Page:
48 hours after the shocking crash of the Unplugged Performance Tesla Model 3 at Pikes Peak, the car was back to the track one more time. Thanks to the tireless efforts of the Unplugged team and the Tesla engineers who came to help in this crucial moment.
The sub-frames of the car were bent and it was almost declared ‘totaled’ — but if there’s a will, there is always a way. A new Tesla Model 3 Performance was purchased to retrofit the sub-frames, motors, and other parts.
Tesla also rushed to cooperate in this effort by providing parts within hours of requirements from the car’s resurrection team.
Our friend Sofiaan Fraval from the Third Row Podcast covered the entire event with his camera and kept the Tesla Community in the loop. He took us inside the Eurocars workshop in the following video when the team was prepping the new glass roof for the tuned Model 3.
The Tesla Community also helped the team working on the CORSA 42 Unplugged Performance Tesla Model 3 at the workshop. They supported the team by giving moral support in person, on social media, and even sending meals for the team to keep their energy levels up and running.
Here are a few photographs of the Unplugged team working on the Tesla Model 3 resurrection for its next and final run on the Pikes Peak for this year.
As we showed in the first part of this story, one wheel of this Model 3 was totally damaged, and probably the other ones also weren’t in their perfect shape. So Unplugged Performance brought in a new set of Forged Monoblock Made-for-Tesla wheels.
Legendary pro racing car driver Randy Pobst is the one piloting this ultra-tuned electric beast of a vehicle.
The night before the Race Day, Randy test drove the newly rebuilt Unplugged Tesla Model 3 at the local airport, he thought the car was ready for the Pikes Peak hill climb.
He talks about the re-building of the totaled Tesla Model 3 Performance in record time in the following video before attempting the final run on Pikes Peak. He calls this heroic vehicle restoration effort the ‘Teslurrection’.
The Race Day
Randy started the race with the utmost enthusiasm that is required to accomplish such feat as the Pikes Peak Hill Climb. As the Model 3 reached higher altitude, he felt something was not right.
The battery pack temperature of the car was rising beyond what is considered normal in these conditions. The Tesla safety algorithm kicked in and slowed down the vehicle to protect the battery pack.
This was perhaps a broken coolant tube or other damage in the battery pack of the car from the previous crash that went undetected in the restoration process.
However, Unplugged Performance is still investigating the actual cause of this battery pack overheating. This problem in the heat management system restricted the car’s peak power to a meager 240hp that is even lower than a Standard Range Plus Model 3.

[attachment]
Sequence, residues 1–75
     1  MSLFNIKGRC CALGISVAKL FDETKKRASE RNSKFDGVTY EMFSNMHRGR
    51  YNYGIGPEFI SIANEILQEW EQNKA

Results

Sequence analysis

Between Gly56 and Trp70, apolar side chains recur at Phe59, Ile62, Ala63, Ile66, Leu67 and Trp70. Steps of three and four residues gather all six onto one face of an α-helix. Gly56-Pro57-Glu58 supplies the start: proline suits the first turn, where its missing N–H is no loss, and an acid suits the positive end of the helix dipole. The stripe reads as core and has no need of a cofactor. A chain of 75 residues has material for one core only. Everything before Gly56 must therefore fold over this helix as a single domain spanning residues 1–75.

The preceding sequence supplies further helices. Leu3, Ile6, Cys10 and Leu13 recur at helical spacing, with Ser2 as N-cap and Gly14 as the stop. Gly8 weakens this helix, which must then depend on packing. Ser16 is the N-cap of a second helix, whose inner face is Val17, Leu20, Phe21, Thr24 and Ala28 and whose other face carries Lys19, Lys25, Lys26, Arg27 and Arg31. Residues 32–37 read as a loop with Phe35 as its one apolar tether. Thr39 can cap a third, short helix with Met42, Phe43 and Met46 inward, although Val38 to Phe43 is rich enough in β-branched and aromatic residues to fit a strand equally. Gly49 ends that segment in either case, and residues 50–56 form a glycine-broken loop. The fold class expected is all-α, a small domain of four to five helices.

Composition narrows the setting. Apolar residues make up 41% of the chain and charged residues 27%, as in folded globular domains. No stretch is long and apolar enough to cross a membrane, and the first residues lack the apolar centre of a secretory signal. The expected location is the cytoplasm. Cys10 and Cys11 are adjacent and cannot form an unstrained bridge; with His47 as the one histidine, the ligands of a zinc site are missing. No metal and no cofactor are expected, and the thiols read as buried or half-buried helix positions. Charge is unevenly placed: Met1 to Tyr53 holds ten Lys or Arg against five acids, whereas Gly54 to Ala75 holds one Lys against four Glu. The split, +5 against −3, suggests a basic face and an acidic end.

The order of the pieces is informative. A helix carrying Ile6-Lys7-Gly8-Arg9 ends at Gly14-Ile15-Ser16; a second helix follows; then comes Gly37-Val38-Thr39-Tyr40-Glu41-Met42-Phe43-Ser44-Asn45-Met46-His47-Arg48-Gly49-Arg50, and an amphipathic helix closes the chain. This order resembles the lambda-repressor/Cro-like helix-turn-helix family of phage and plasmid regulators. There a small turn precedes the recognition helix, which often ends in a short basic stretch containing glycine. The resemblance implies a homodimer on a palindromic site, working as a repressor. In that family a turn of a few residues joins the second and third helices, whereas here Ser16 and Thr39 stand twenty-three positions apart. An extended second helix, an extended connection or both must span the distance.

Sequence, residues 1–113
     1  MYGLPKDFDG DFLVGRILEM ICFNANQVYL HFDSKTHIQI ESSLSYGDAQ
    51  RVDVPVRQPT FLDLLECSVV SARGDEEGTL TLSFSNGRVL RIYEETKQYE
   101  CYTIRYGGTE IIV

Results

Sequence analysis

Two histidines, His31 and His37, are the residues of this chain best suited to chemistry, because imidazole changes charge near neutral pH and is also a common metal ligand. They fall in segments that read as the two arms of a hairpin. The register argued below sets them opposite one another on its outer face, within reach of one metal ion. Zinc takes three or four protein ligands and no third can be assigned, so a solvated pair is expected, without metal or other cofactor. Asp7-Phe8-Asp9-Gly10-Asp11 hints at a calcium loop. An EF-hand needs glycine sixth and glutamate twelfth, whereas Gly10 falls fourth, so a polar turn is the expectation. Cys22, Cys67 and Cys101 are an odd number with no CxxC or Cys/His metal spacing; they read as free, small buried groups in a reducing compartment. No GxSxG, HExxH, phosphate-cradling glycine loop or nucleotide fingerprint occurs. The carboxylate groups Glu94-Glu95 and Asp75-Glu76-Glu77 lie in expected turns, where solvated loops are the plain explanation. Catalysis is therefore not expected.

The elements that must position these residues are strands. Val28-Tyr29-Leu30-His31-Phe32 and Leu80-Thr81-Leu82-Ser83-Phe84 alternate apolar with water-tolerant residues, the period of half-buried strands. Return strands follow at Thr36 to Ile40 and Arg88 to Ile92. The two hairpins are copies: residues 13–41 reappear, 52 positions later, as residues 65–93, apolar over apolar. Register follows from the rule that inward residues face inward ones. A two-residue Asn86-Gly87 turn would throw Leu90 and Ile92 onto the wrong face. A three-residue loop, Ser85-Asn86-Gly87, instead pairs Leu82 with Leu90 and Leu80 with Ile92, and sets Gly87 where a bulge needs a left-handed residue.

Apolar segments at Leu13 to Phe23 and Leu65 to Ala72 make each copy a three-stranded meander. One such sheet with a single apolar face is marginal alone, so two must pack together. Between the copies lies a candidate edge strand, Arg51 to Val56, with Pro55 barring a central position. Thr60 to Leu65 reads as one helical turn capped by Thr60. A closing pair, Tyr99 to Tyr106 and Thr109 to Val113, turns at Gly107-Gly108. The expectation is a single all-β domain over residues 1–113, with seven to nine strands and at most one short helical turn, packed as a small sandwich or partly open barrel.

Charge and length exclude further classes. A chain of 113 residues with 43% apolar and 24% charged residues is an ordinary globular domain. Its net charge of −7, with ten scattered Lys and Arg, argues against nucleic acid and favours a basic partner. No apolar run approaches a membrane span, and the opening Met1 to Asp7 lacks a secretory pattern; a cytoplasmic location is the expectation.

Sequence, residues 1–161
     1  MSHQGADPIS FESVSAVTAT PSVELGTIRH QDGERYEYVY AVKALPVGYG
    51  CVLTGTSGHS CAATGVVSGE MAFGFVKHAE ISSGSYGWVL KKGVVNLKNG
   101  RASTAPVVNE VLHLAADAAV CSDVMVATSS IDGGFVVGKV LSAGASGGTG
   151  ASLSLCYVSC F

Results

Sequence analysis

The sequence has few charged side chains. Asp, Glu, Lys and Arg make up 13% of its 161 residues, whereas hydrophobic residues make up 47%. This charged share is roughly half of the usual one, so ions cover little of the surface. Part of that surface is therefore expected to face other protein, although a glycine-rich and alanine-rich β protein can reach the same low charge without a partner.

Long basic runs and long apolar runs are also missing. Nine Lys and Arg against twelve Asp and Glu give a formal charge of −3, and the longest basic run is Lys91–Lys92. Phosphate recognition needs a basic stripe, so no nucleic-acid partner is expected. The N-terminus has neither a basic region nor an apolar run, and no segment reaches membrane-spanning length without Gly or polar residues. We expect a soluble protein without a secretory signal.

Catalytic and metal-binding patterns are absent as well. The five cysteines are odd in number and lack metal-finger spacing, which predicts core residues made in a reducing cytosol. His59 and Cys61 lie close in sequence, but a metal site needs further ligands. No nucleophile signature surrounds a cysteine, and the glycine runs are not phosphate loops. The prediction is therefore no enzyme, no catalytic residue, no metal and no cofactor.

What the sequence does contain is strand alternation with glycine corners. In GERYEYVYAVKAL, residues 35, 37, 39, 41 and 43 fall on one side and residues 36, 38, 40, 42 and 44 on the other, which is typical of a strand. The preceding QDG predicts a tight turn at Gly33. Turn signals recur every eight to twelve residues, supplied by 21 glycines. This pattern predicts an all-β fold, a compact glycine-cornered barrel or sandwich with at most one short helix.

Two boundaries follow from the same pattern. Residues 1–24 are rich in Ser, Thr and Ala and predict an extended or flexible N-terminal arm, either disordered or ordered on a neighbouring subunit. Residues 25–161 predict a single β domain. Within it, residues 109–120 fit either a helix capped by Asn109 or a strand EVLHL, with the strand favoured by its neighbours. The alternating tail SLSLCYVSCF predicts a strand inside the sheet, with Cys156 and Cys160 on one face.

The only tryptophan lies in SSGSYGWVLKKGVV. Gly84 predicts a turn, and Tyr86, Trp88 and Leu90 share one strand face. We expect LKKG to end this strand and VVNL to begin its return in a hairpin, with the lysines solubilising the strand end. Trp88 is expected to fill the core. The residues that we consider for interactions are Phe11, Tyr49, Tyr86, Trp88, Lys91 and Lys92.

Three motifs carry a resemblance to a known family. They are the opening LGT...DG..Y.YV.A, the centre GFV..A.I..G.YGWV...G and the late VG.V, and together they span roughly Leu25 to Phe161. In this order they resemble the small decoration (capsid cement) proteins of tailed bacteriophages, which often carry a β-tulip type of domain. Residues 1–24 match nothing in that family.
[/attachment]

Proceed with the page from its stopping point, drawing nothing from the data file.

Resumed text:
The dream of completing the Pikes Peak hill climb lap in less than 10 mins wasn’t achieved. But still, it was a great adventure and the Tesla Community around the world is proud of the efforts of everyone involved.
The 2020 Unplugged Performance Tesla Model 3 Ascension-R completed the Pikes Peak lap in 11:04.131 — just behind a 2018 Tesla Model 3 which did it in 11:02.802 in the Exhibition category (full results PDF below).
What Went Wrong
As of this writing, Unplugged Performance released the following side-by-side comparison video of their qualifying vs Race Day runs — the results show that at least 230hp of the power was missing.
The Unplugged team also posted its analysis in the video description as:
A week has gone by and we still do not know the causation of our casual Sunday drive on race day, but we at least now clearly know the problem. We ran the full race in limp mode! Our 11:04 run was with a power limit of 180kw for 10 of the 11 minutes. That’s 240hp peak power for almost the entire race…basically half of what the car should be outputting. We would have had more power in a Standard Range Model 3!
In the video, you’ll see that even despite a full battery state of charge, our power was lower right off of the line. Then something even more strange happened, the battery went directly to bright red and severe power cut at just under a minute (the display is visible in our other video). After that 180kw / 240hp was all the power the car could give us for the full race. Randy Pobst described the race as a tourist drive and that he had time to admire the scenery as the car gracefully, albeit slowly, escorted him to the summit.
In the end, we celebrated overcoming the extreme odds. It was still a victory for us. Just a much more leisurely pace to the top than we all expected.Source: Unplugged Performance / YouTube.
Still, the race and all the mission-critical stuff was an exciting joyride and this is just the beginning of what emission-free electric vehicles can achieve in the future. Let’s watch the in-car video of the final Race Day attempt and:
* A big shoutout to Sofiaan Fraval for giving his input for clarity and accuracy of info.
Randy Pobst interview with Ryan McCaffery on Ride The Lightning podcast
Randy also discussed the resurrection and race day story with Ryan McCaffrey on his popular podcast show, worth listening.